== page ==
Hospital Acquired Infections and Hospitals Acquired by Private Equity: The Dangerous Correlation

by Erica Mitchell | January 8 2024 | Infection Control, Hospitals, Consumer, HAIs, Patient Safety, Cost-Effectiveness, Costs, Public Health, Public Reporting | 0 Comments

aquisition private equity-01About a quarter of American hospitals are for-profit, that is, they are operated to generate profit for owners and stakeholders. A subsection of those hospitals, about 3%, have been acquired through private equity (PE) buyouts, whereby a PE firm raises funds to purchase a hospital. These PE transactions, also called "takeovers," are characteristically funded through leveraged debt - the firm takes out a loan secured by the purchased entity (the hospital), adding the burden of that debt to the balance sheet (and monthly expenses) of that facility. As a result, hospitals acquired by PE firms face additional pressures; they are operated not only to generate profit but also must repay large amounts of debt, used to fund the acquisition and now added to their balance sheet. A recent study looked into this subsection of hospitals to see how this added financial pressure impacted patient outcomes. The results? Patients are 25% more likely to be harmed by medical care at a private-equity acquired facility.

To understand the potential impact of PE-funded acquisitions in healthcare, we should first consider the overall goal and strategy of a PE buyout in any industry. In a traditional private purchase of a business, a group of investors raise the funds and make the purchase, becoming the owners of the company and beneficiaries of any profit generated through operations and other earnings. The focus is improved cash flows so the business is run to generate profit. Money left over after operations returns to the stakeholders and so they work to improve the business and increase their returns through that improvement.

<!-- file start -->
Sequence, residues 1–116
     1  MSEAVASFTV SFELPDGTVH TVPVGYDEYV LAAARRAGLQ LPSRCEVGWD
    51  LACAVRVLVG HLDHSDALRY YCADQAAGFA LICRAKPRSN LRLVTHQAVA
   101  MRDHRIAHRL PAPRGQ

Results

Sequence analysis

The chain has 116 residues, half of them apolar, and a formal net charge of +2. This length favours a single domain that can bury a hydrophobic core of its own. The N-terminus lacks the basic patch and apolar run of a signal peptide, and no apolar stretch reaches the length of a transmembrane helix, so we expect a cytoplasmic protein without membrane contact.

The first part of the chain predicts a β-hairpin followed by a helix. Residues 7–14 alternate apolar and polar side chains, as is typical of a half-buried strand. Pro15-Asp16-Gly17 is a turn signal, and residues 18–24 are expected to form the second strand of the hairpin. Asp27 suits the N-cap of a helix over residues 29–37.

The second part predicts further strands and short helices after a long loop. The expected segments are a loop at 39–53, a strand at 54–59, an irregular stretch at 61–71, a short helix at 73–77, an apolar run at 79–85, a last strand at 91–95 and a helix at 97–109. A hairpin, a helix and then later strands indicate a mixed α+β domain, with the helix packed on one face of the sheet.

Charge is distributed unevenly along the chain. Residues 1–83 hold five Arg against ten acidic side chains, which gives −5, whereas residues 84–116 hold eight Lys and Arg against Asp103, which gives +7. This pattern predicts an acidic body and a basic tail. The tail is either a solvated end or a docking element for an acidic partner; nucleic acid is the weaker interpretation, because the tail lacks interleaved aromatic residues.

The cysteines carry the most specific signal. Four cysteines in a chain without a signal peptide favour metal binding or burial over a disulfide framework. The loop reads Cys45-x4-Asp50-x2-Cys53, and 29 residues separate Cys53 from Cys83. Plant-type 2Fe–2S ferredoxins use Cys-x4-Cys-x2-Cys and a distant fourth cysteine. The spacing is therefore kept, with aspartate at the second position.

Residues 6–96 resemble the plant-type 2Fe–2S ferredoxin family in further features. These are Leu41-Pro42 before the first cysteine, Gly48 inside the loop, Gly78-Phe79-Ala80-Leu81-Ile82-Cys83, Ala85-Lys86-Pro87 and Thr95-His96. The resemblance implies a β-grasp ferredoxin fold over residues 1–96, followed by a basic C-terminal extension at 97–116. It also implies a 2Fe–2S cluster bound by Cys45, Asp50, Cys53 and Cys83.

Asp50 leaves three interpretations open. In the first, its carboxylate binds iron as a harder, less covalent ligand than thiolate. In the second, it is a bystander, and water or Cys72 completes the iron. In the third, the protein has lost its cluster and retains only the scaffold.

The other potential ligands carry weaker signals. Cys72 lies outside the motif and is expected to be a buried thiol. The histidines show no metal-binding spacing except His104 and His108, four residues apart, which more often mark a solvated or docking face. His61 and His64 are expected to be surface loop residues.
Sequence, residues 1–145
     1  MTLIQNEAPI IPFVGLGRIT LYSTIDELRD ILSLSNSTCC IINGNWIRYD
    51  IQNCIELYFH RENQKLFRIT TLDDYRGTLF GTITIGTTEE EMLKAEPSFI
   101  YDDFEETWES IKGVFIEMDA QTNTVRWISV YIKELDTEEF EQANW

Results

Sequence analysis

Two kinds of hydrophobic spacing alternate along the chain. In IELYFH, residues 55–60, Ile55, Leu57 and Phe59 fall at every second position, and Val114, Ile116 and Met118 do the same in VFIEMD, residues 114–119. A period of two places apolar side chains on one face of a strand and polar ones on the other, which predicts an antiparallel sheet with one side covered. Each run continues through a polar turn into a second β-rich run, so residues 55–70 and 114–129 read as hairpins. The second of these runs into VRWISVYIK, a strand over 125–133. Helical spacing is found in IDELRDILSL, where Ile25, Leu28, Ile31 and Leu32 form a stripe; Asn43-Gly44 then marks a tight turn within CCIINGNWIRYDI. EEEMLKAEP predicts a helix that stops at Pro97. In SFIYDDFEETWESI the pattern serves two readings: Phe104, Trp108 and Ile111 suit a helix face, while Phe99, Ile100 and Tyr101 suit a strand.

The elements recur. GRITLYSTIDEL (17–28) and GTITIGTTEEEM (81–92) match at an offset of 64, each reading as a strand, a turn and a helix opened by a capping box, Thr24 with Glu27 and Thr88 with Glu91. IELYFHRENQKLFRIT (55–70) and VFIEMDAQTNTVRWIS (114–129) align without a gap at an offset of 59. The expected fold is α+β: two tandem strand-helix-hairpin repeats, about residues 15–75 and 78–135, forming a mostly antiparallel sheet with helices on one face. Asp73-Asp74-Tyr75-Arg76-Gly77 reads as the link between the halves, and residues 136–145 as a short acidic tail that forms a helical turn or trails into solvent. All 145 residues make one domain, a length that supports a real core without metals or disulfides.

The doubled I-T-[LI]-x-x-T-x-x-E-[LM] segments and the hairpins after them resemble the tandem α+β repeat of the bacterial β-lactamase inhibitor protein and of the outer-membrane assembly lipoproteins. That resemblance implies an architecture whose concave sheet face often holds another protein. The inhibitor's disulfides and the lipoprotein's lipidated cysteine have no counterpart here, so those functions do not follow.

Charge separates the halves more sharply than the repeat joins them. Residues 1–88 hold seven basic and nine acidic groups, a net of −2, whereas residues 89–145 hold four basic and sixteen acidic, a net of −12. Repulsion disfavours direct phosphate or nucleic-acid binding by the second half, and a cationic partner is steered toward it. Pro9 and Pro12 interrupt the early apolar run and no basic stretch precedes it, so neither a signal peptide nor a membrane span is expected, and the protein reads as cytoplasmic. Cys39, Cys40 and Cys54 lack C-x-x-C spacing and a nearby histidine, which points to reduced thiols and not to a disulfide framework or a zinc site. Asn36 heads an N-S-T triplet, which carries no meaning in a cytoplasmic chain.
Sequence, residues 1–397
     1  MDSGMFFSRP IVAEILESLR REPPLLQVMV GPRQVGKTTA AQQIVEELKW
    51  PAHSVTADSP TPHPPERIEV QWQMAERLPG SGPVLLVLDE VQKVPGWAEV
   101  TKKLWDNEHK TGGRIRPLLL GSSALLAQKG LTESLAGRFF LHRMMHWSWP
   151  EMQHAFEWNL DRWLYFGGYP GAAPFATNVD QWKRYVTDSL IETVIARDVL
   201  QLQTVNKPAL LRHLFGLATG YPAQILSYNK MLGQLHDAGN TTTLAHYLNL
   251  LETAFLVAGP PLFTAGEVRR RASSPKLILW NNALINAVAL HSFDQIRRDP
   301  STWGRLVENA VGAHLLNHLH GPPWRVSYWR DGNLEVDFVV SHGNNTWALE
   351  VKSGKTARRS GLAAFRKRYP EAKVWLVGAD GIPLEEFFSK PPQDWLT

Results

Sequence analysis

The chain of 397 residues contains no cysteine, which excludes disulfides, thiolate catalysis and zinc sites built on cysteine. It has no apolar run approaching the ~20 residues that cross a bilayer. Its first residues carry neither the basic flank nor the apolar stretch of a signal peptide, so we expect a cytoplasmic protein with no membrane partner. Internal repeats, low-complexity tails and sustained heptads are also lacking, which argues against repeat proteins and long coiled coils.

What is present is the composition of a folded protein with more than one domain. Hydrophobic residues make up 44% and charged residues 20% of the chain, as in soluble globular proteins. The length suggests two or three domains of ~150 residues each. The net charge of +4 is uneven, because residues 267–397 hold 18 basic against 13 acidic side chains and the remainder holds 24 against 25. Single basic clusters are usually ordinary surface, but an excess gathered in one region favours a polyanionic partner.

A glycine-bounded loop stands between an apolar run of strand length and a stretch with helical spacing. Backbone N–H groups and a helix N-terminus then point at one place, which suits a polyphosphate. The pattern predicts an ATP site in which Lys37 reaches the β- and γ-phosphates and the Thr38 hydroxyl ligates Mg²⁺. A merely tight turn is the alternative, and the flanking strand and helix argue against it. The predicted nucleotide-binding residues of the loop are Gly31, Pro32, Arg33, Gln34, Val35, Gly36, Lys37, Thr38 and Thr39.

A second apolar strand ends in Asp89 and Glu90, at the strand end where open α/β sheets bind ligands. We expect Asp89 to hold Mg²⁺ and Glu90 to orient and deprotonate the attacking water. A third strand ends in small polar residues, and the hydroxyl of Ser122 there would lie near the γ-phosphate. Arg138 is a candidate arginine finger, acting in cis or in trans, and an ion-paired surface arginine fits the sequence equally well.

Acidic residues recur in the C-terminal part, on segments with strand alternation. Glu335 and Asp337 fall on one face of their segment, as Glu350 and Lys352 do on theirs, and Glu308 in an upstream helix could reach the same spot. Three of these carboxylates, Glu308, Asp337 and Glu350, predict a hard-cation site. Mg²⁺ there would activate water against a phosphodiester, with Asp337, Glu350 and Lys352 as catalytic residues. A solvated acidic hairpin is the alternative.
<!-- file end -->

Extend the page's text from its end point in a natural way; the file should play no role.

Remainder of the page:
private equity buyout model-01


In the traditional model, funds are used to purchase the company and profit is generated. Under the private equity model, leveraged debt used to buy the company means much of the profit is siphoned off to pay the debt.

Private equity acquisitions function under a different business model. They aim to drive high payouts for their investors and to do so quickly, with an anticipated exit (sale) within 4-7 years. Remember, adding to the model is a heavy reliance on the debt mentioned above. A large percentage of the funds the PE need to acquire the business is leveraged through debt (loans) that become the burden of the business they purchase. With this model, the business faces the added pressure of both repaying the debt and paying out returns to the investors in the PE firm.  

How is private equity acquisition different in healthcare? Typically, private equity acquisitions transform a struggling company into a healthy company, allowing the fund to sell it at a profit. This can work for a company that manufactures a product, provides a service, or sells items by reducing staff, streamlining services, or sourcing cheaper materials or labor. The purchased company can leverage the debt it shouldered by putting the funds into a wide array of improvements along their various processes to increase cash flows. In a strong market where those changes can be made, earnings can increase quickly and dramatically, offering the investors the speedy returns and quick exit they seek. In the right situations, the debt is no burden to the purchased entity and all parties "win" in the end. When a fund acquires a struggling hospital, however, those same changes aimed at increasing cash flows result in a very different outcome. Cuts have very real health outcomes. How do you reduce staff, streamline services, or use cheaper materials/labor without affecting patient care? Can you quickly increase earnings and generate more cash flow in a healthcare system or hospital in a way that supports the PE model without resulting in lower quality patient care or added risk to outcomes?